As indicated above, sawing and shearing offer many unique advantages. However, it is also important to keep in mind the disadvantages they hold. Together, this information can help you choose the right cutting method for your project. For example:

  • Sawing accommodates a variety of material thicknesses and shapes. However, it can be difficult to maintain contact between the cutting tool and the surface of flat material during cutting operations, which can lead to material instability and, consequently, cutting inconsistencies. As a result, the process is not ideal for cutting sheet metal and is instead best used with plates, bars, pipes, and tubes.
  • Shearing produces very straight cuts, but it cannot readily produce non-straight cuts. This quality makes it better suited for simpler, regular shapes rather than complex and intricate shapes. Additionally, the process requires a significant amount of force. This quality makes it possible to cut thinner sheet, bar, and rod materials (e.g., ½ inch in thickness or less) easily, but not thicker materials (since they may require more force than the machine can produce) or hollow materials (since they can deform).

Precision Sawing and Shearing Services at AAA Metals

Whether you need sawing or shearing services for your project, AAA Metals is here to help. We can saw and shear a broad selection of metals in various shapes, sizes, and quantities to tight tolerances. To learn more about sawing and shearing and how to determine which one is right for your cutting needs, contact us today.

AAA Metals also offers other metal forming methods such as waterjet cutting and laser cutting. To discuss your cutting requirements with one of our experts, request a quote.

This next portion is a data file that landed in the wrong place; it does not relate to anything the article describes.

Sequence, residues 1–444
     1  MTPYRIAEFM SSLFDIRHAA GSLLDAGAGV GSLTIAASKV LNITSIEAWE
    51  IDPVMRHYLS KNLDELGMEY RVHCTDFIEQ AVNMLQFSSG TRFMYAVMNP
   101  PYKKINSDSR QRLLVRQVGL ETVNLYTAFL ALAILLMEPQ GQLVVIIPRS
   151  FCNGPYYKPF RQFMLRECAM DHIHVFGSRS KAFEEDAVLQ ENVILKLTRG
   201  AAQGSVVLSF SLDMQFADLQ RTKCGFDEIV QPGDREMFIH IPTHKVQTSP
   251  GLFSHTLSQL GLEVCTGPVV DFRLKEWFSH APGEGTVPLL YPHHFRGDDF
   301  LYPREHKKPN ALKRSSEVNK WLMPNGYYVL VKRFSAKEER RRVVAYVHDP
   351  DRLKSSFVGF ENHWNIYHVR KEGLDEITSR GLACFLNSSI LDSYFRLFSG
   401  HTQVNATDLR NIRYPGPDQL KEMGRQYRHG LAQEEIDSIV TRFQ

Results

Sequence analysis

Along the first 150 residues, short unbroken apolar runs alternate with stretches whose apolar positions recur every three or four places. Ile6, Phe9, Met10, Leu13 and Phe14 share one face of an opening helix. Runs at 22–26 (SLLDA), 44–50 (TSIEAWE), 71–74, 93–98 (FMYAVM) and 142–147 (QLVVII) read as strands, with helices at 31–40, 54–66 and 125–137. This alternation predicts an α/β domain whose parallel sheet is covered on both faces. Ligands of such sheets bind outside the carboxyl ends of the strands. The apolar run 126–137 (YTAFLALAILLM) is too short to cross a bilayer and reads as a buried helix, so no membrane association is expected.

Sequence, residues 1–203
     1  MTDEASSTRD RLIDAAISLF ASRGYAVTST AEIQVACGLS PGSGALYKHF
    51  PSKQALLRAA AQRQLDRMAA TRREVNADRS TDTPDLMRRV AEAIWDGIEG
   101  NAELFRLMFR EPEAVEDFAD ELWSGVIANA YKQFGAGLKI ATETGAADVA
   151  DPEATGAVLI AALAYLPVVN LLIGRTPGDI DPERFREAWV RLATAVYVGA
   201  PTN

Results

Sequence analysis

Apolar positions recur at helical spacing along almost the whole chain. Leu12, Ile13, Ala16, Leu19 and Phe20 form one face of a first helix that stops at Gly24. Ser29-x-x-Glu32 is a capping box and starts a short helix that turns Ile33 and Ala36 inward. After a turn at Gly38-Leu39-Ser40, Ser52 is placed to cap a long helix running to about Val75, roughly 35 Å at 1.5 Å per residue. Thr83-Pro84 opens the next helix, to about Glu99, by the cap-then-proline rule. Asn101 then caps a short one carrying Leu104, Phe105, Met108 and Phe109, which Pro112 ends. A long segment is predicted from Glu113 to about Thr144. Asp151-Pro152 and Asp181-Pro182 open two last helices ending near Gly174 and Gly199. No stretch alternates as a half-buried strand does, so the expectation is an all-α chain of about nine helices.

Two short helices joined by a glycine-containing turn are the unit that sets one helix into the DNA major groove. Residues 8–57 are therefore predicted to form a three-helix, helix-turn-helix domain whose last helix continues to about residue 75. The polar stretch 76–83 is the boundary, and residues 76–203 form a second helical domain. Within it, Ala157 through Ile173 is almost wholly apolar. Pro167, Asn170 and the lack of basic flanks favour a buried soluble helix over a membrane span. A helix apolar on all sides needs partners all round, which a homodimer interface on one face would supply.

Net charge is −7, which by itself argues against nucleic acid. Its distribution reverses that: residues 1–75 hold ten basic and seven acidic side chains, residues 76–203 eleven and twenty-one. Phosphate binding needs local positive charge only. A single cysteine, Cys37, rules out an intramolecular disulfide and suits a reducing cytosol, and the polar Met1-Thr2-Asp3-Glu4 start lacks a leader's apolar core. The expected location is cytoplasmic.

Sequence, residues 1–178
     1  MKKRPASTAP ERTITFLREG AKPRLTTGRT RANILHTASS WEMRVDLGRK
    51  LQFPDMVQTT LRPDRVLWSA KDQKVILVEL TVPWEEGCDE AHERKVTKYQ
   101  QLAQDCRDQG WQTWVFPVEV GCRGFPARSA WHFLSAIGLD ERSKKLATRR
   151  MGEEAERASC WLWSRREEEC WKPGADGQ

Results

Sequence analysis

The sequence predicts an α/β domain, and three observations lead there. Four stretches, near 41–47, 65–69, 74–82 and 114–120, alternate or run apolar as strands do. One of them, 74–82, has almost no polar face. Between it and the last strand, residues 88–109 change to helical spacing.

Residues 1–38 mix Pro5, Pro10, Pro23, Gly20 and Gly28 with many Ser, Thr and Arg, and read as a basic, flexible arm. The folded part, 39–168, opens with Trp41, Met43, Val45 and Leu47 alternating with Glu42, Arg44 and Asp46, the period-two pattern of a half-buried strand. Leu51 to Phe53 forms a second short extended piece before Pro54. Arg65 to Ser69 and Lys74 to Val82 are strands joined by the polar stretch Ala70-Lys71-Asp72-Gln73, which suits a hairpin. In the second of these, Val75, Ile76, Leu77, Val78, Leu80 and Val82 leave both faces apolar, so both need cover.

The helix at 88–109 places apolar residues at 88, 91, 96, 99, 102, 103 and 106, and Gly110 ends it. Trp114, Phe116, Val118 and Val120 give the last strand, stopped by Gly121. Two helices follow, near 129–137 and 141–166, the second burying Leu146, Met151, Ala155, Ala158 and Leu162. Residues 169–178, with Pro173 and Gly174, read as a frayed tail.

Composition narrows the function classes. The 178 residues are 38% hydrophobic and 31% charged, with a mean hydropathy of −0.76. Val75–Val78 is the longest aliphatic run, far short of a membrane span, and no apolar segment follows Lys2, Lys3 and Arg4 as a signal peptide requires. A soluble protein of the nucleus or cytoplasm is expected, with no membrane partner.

Stainless Steel Polished Hex Bar

Did you know we could Polish Hex? We can! If your application is Architectural then we are your call. Here is a Before and After of an 1-1/4″ Hex x 144″ Long.

Hex Bar Metal Stock

After

 

Stainless Steel Polished Plate

We have just started Polishing 3 Plates 1″ Thick x 61″ x 120″ Grade 304/304L to a #4 Satin Finish. This has a 2 side requirement so flipping the plates over and Polishing the back side is a must. We ensure all surfaces are protected with rubber padding. Vacuum Lifting also provides ease of positioning. This is how the plates start.

Midway through the process of grinding off the Pickled finish.

Plate will go under further inspection prior to belt change.

Finished to a #4 Satin, ready for Laser PVC

Stainless Steel Polished Hand Rails

We have just completed polishing these 1/2″ x 2″ x 156″ Grade 304 Stainless on all 4 sides.

Top, bottom and the 2 edges to a #4 satin finish.

When completed they will be covered with PVC and boxed for protection.